On Design Criteria and Construction of Non-coherent Space-Time Constellations
Borran, Mohammad Jaber
Non-coherent constellations; space-time codes; multiple antenna systems; fading channels; channel coding; wireless communications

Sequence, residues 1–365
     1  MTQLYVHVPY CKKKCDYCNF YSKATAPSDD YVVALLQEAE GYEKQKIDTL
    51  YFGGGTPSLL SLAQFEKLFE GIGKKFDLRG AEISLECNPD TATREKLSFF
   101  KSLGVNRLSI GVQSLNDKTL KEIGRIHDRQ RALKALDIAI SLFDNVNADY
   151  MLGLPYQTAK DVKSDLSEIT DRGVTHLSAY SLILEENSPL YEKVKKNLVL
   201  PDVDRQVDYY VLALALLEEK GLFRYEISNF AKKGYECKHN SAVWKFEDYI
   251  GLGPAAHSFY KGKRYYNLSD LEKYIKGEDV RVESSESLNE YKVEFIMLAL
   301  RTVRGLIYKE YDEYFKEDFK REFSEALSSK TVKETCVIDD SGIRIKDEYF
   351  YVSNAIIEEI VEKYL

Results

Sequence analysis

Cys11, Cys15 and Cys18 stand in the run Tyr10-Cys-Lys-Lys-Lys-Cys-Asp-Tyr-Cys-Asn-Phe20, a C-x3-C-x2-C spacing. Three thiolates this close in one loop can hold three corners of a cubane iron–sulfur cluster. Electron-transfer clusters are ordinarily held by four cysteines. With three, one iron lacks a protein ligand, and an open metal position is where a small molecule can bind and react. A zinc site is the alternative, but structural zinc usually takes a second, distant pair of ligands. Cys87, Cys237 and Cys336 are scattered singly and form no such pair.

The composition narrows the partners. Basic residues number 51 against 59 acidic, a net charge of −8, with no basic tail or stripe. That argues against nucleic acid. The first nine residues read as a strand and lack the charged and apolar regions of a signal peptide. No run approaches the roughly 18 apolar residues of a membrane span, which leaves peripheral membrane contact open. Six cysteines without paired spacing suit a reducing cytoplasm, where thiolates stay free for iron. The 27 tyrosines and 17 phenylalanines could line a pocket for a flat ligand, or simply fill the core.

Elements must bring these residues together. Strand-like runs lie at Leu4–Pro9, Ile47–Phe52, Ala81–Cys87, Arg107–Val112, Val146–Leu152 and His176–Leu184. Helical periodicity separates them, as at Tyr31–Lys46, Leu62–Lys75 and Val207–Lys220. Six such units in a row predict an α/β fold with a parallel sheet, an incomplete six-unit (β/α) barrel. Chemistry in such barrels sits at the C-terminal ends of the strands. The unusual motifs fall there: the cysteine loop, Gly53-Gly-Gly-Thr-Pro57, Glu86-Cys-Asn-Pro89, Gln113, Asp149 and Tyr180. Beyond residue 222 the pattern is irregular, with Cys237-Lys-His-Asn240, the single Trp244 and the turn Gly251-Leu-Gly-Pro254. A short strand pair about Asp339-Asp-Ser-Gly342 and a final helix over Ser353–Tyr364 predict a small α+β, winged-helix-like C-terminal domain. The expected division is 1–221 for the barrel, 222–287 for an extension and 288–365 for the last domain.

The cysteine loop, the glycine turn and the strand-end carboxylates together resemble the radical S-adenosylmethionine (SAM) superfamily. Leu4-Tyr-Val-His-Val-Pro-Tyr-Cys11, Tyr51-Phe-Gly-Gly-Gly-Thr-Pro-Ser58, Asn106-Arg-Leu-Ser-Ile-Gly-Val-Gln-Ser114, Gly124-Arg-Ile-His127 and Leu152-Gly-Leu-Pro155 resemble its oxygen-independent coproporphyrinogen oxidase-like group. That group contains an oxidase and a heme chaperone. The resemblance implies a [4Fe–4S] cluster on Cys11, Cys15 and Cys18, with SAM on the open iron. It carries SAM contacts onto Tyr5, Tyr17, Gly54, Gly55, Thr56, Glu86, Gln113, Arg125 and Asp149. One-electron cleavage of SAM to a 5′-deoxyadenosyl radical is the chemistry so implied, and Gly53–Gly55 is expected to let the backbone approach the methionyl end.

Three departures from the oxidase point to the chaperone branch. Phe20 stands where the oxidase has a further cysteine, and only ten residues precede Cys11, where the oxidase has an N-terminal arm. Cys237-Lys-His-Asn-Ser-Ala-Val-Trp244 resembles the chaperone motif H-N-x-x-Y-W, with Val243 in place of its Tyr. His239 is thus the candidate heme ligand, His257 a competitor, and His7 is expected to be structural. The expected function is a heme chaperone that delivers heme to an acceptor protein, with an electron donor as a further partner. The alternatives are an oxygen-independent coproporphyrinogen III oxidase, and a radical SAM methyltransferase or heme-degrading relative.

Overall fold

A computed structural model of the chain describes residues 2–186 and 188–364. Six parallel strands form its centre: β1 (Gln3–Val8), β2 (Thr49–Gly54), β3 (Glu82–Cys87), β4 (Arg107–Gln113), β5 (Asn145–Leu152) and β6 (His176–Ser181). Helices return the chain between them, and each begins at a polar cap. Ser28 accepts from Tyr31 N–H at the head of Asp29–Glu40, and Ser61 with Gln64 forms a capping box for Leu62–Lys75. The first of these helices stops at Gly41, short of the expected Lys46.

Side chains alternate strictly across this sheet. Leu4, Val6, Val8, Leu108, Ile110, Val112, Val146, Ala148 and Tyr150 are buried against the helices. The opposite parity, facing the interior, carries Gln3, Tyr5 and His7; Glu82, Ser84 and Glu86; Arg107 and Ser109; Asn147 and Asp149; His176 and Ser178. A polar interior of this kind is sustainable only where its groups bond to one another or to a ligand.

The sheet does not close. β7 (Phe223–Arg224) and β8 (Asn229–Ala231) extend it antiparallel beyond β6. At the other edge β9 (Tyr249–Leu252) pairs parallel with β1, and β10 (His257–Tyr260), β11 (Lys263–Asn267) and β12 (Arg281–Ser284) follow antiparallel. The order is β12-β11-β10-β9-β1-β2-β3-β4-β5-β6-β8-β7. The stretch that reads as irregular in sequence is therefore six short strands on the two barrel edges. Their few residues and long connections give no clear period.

We consider the problem of digital communication in a Rayleigh flat fading environment using a multiple-antenna system, when the channel state information is available neither at the transmitter nor at the receiver. It is known that at high SNR, or when the coherence interval is much larger than the number of transmit antennas, a constellation of unitary matrices can achieve the capacity of the non-coherent system. However, at low SNR, high spectral efficiencies, or for small values of coherence interval, the unitary constellations lose their optimality and fail to provide an acceptable performance. In this work, inspired by the Stein's lemma, we propose to use the Kullback-Leibler distance between conditional distributions to design space-time constellations for non-coherent communication. In fast fading, i.e., when the coherence interval is equal to one symbol period and the unitary construction provides only one signal point, the new design criterion results in PAM-type constellations with unequal spacing between constellation points. We also show that in this case, the new design criterion is equivalent to design criteria based on the exact pairwise error probability or the Chernoff information. When the coherence interval is larger than the number of transmit antennas, the resulting constellations overlap with the unitary constellations at high SNR, but at low SNR they have a multilevel structure and show significant performance improvement over unitary constellations of the same size. The performance improvement becomes especially more significant when a large number of receive antennas are used. This property, together with the facts that the proposed constellations eliminate the need for training sequences and are most suitable for low SNR, makes them a good candidate for uplink communication in wireless systems.